03/11/2023 General News
As the media speculation about who will take over the mantle of 007 from Daniel Criag demonstrates, the appeal of Ian Fleming’s James Bond character continues to capture the public’s imagination, some 70 years after the publication of his first Bond book, Casio Royale, in 1953, writes Emily Ayson.
For most people it is at the movies where they have learnt to love the swaggering spy, but of course it was in written form that Fleming’s character first appeared. Fleming wrote 14 Bond books which have sold over 60 million copies worldwide and have been translated into 20 languages.
For the real 007 enthusiast, it is first editions of these volumes which provide the purest iteration of the Bond legend.
For collectors, the first edition is the ultimate manifestation of the love of the book as an object. But why should a first edition be more collectable than any subsequent reprint of a book, especially as for successful titles, publishers sometimes invest more in design and printing once they know that the title is going to be a bestseller?
The main draw of the first edition is that it is the closest the reader can get to the author’s own actual intent. This is the first time that their work will be introduced to the world, so they tend to be much more involved in the production of a first edition than in subsequent editions. They may have a say in how the actual book looks, and who illustrates it.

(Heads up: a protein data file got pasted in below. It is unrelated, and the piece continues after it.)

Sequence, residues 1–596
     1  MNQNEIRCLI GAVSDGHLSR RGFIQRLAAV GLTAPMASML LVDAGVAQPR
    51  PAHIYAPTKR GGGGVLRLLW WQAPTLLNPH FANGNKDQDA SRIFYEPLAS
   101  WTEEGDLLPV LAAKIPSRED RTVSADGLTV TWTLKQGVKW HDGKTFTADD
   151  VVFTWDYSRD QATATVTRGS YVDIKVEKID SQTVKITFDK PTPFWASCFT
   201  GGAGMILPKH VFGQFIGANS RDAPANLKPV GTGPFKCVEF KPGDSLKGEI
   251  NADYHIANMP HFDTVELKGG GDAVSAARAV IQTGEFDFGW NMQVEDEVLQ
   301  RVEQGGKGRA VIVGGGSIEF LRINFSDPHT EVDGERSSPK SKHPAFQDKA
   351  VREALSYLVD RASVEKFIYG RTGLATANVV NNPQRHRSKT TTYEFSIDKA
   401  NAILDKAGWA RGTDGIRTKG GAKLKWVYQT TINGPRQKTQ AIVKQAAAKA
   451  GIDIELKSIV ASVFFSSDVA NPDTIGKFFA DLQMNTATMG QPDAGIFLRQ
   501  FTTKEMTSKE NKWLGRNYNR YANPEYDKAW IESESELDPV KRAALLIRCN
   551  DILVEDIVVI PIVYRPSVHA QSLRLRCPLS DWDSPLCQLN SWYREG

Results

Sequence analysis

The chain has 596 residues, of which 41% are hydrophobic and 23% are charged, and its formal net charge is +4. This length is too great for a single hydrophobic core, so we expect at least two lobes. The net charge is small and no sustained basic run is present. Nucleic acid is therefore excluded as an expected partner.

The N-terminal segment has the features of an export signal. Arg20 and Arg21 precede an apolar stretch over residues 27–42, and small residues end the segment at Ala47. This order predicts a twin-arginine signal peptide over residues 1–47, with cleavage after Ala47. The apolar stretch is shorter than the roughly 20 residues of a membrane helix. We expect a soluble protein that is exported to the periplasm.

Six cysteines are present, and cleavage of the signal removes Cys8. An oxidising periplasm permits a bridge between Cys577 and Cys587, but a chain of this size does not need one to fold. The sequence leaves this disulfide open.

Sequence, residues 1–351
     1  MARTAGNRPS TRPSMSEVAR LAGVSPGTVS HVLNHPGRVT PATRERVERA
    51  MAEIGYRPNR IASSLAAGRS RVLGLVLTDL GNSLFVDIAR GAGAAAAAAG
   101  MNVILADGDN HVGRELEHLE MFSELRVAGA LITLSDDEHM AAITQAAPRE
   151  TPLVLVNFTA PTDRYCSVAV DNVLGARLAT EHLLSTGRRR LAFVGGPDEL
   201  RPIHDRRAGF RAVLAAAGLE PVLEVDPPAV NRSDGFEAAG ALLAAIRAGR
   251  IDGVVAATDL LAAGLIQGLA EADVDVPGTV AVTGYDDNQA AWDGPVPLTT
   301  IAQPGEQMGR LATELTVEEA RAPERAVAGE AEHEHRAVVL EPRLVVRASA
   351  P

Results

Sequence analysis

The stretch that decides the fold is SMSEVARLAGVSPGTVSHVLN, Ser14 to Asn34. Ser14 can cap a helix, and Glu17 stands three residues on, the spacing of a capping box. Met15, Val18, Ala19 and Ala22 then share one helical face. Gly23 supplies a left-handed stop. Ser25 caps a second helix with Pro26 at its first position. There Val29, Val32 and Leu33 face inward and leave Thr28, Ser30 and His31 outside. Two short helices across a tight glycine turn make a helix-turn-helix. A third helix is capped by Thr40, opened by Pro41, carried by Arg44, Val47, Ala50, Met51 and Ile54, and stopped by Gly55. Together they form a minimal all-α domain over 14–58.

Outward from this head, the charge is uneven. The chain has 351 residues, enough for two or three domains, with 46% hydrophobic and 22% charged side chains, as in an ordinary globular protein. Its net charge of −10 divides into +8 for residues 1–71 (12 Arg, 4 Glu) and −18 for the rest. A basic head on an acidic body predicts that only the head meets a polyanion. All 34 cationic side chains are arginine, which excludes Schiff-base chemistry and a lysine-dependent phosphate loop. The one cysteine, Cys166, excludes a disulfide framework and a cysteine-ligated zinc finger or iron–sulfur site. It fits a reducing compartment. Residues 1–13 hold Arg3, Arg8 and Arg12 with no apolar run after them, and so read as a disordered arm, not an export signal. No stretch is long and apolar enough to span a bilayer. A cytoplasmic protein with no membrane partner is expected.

For authors who are still in the early stages of their careers, first editions tend to be produced in relatively small quantities, adding rarity to the attraction. Beware, though, not all first editions are rare. For example, by the time that later Harry Potter books were published, the first edition print runs were huge – 12 million for Harry Potter and the Deathly Hallows.
Whilst very old, rare first editions can fetch staggering sums (a first edition of Chaucer’s ‘Canterbury Tales’ sold for $11.2 million in 1998), increasingly first editions of more modern books which have seeped into popular culture are being sought after in the saleroom, Ian Fleming’s James Bond books amongst them.
Of course, rarity and monetary value are two considerations why so many people like to collect first editions. But for the true book-lover, the main attraction will always be the close connection with the author themselves and their mindset at the time of writing. And with a franchise such as James Bond, which after seven decades is still as relevant as ever, connecting to the very beginning presents a strong draw for the true fan.
Auction houses are increasingly devoting special sales to popular and contemporary culture, including film, music and sporting memorabilia. At Keys we now hold such sales every four times a year, and the last of 2023 takes place next week. Included amongst the 523 lots are books, comics, movie and TV memorabilia (including a huge number of posters), pop and rock memorabilia and a wide variety of sporting memorabilia. There are even two full-sized daleks going under the hammer!
Keys’ Popular Culture, Music, Film and Sporting Memorabilia Sale takes place on Wednesday 8th November at its Aylsham salerooms and live online. Full details, including an online catalogue, at www.keysauctions.co.uk.